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Procter & Gamble Co. named Leo Burnett USA, Chicago, agency of record for its $250 million print buying and planning business.

Saatchi & Saatchi Advertising, New York, previously handled buying, while most planning had been split among P&G's nine brand agencies.

Executives at P&G agencies saw far-reaching significance in the decision, which concluded a six-week review among roster agencies.

With the print decision made, P&G is now expected to study consolidation of TV planning, according to both a P&G insider and an agency executive. The marketer is the nation's largest buyer of TV time, spending more than $900 million in the first nine months of 1996, according to Competitive Media Reporting.

P&G's media department would probably test TV planning consolidation first, just as it tested print planning consolidation for nearly two years before launching the AOR review.

TeleVest would likely stand to gain from such a test; the MacManus Group unit handles network TV buying for P&G.

A P&G spokeswoman said TV "is a whole separate issue" from print.


P&G agency executives also fear that the consolidation of planning foreshadows the end of agency commissions as high as 15% at P&G.

In March 1995, P&G initiated the print planning test with Saatchi, which already handled all print buying. For certain magazine titles, the agency was authorized to substitute other similar titles in a brand's media plan if it could lower rates by doing so.


Last October, P&G's director of media and programming, Daryl Simm, sent a letter to all agencies saying P&G wanted to expand the test to a broader range of titles. The decision to start a review followed.

Effective July 1, Burnett will have broad responsibility for all P&G brands' print planning and scheduling. That could be bad news for magazines, with price becoming the main focus.

"Everyone has been on pins and needles waiting for a decision .*.*. It's going to be tougher for all the magazines that will now be undergoing the same kind of scrutiny women's service magazines have for the past year and a half," said Patricia Haegele, publisher of Good Housekeeping.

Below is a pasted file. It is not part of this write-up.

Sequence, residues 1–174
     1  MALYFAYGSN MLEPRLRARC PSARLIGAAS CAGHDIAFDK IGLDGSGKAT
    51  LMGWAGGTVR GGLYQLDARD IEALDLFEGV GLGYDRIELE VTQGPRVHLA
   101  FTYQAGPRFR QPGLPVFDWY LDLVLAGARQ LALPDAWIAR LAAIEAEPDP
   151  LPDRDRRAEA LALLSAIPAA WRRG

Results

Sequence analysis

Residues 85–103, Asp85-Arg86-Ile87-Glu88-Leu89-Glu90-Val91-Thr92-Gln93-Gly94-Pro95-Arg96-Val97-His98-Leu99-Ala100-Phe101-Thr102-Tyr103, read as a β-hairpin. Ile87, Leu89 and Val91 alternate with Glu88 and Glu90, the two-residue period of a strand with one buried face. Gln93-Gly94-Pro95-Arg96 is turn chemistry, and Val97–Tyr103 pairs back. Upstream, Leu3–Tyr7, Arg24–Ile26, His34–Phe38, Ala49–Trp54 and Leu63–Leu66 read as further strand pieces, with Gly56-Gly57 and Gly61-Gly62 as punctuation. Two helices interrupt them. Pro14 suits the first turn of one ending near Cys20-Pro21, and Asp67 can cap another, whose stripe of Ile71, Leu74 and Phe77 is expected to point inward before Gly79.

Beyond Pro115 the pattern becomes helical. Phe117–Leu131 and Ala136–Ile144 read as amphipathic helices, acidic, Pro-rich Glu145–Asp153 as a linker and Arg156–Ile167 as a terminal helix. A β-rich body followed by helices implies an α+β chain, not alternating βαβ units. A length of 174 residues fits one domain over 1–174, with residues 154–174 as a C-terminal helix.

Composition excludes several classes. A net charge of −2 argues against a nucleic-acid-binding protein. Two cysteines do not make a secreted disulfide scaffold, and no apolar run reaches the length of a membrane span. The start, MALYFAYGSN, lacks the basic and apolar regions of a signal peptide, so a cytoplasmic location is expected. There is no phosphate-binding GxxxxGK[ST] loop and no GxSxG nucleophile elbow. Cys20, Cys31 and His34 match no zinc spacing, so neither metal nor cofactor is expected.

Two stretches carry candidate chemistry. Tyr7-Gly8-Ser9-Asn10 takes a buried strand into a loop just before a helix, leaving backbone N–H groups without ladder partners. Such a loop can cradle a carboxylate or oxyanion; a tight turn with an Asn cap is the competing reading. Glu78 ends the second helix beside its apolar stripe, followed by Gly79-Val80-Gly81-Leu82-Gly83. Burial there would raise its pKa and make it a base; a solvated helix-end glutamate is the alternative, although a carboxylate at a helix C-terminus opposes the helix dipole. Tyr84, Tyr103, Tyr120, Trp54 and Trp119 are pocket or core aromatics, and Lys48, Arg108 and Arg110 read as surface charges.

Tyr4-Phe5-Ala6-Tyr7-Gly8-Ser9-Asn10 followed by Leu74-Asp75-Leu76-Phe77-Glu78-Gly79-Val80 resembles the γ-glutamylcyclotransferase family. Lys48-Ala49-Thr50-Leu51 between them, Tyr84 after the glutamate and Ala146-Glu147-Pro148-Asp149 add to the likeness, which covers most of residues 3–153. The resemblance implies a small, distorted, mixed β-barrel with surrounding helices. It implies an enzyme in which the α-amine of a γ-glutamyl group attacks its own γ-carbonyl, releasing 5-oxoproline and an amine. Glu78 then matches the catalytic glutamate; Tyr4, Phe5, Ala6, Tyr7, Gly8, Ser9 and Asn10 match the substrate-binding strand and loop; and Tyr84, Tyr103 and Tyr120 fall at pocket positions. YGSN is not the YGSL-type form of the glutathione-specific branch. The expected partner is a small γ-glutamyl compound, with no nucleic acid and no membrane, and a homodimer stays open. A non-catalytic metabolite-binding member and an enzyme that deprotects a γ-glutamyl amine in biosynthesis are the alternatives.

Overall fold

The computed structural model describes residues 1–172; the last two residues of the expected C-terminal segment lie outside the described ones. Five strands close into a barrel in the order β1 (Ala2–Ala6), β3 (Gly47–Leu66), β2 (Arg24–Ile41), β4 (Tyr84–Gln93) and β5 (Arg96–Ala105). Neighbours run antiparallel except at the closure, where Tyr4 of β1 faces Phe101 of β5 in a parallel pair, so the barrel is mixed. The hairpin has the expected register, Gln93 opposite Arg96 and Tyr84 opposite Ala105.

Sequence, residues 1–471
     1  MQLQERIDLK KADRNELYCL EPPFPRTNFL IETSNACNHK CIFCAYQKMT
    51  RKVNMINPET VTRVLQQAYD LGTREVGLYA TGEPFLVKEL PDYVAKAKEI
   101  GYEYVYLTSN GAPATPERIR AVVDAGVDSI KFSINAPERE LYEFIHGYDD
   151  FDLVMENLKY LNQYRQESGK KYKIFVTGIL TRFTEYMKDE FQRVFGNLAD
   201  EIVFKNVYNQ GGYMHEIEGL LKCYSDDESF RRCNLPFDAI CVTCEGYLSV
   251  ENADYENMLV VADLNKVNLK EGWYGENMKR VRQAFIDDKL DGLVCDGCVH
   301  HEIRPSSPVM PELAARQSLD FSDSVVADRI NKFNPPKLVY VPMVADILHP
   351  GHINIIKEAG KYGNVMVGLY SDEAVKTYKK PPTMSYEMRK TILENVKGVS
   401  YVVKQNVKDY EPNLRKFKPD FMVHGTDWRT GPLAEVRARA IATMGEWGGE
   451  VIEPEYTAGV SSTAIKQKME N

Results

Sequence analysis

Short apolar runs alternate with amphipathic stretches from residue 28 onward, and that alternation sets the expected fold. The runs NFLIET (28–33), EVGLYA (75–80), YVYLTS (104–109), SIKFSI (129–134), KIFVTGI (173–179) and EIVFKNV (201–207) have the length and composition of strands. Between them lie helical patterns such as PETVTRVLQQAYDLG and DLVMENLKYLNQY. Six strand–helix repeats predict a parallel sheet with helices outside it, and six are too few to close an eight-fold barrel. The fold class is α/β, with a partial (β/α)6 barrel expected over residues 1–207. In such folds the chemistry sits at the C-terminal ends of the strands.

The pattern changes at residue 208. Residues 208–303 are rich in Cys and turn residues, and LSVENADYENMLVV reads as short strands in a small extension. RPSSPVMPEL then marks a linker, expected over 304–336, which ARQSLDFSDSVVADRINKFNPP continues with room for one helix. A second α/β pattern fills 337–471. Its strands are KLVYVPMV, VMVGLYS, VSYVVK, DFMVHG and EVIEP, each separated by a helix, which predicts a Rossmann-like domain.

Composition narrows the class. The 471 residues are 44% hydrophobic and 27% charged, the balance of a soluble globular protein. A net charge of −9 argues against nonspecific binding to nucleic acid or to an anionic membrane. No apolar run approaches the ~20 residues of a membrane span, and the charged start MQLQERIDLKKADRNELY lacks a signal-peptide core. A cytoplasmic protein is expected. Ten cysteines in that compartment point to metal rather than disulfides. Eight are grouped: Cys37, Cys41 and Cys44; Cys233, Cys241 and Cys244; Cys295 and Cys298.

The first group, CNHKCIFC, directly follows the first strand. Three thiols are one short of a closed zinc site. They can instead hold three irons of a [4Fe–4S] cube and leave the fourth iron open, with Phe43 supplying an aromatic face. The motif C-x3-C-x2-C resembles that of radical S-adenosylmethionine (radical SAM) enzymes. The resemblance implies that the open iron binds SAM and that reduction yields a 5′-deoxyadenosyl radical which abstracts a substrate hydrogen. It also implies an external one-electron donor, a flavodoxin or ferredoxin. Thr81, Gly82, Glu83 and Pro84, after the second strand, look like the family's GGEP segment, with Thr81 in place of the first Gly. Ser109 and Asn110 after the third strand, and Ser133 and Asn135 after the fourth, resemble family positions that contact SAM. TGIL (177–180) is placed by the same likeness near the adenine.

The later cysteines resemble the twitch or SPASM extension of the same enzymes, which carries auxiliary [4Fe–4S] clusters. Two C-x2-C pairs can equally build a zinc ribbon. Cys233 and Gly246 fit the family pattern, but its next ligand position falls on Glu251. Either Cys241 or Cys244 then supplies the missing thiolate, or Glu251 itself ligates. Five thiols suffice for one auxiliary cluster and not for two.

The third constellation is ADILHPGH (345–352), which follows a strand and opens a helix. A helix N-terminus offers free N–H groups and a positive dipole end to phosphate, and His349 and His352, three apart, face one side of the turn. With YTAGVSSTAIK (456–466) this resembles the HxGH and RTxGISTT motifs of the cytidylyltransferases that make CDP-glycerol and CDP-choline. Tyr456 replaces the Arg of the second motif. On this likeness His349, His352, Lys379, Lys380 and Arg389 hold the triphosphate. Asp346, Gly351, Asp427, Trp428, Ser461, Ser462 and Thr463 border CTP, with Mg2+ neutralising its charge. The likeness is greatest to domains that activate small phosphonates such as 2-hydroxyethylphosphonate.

Said Jack Kliger, exec VP at Conde Nast Publications: "We have been working closely with P&G over the years, and I think they understand the value of our books. If the question is will we be breaking our rate card, we'll continue to offer the same rate to companies doing the same volume of business."


Agencies also fear the impact on their compensation. Though P&G consolidated media buying at several agencies years ago, brand shops still get paid with commissions based on the media billings of their brands. With planning now being consolidated, agencies wonder how long that can last.

P&G declined to comment on compensation, other than to say it anticipates no changes from the print consolidation. One agency executive said commissions now range from 13% to 15% with the higher rate going to agencies that have media AOR assignments.

Agency executives said media consolidation in the U.S. emulates a pattern overseas, where P&G has been pleased with similar moves in a number of markets. In the U.S., P&G likes the efficiency it has gotten from TeleVest, the industry's TV buying leader.

With P&G included, Burnett will now have responsibility for more than $500 million in consumer magazine billings, making it the largest U.S. print buyer by far.

The loss is a big blow to Saatchi, especially since Robert Wehling, P&G's senior VP-advertising, market research and government relations, had been very complimentary about the agency's work only two months ago.

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